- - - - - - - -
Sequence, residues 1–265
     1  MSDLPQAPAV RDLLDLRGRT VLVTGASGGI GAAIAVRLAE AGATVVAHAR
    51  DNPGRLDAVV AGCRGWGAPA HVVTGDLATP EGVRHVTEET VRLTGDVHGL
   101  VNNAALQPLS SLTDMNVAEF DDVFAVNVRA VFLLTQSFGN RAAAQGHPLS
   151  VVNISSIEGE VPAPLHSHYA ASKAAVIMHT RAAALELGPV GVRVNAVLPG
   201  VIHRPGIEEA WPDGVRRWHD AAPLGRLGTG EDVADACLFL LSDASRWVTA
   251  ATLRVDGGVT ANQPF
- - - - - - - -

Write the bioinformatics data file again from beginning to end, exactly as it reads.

Sequence, residues 1–265
     1  MSDLPQAPAV RDLLDLRGRT VLVTGASGGI GAAIAVRLAE AGATVVAHAR
    51  DNPGRLDAVV AGCRGWGAPA HVVTGDLATP EGVRHVTEET VRLTGDVHGL
   101  VNNAALQPLS SLTDMNVAEF DDVFAVNVRA VFLLTQSFGN RAAAQGHPLS
   151  VVNISSIEGE VPAPLHSHYA ASKAAVIMHT RAAALELGPV GVRVNAVLPG
   201  VIHRPGIEEA WPDGVRRWHD AAPLGRLGTG EDVADACLFL LSDASRWVTA
   251  ATLRVDGGVT ANQPF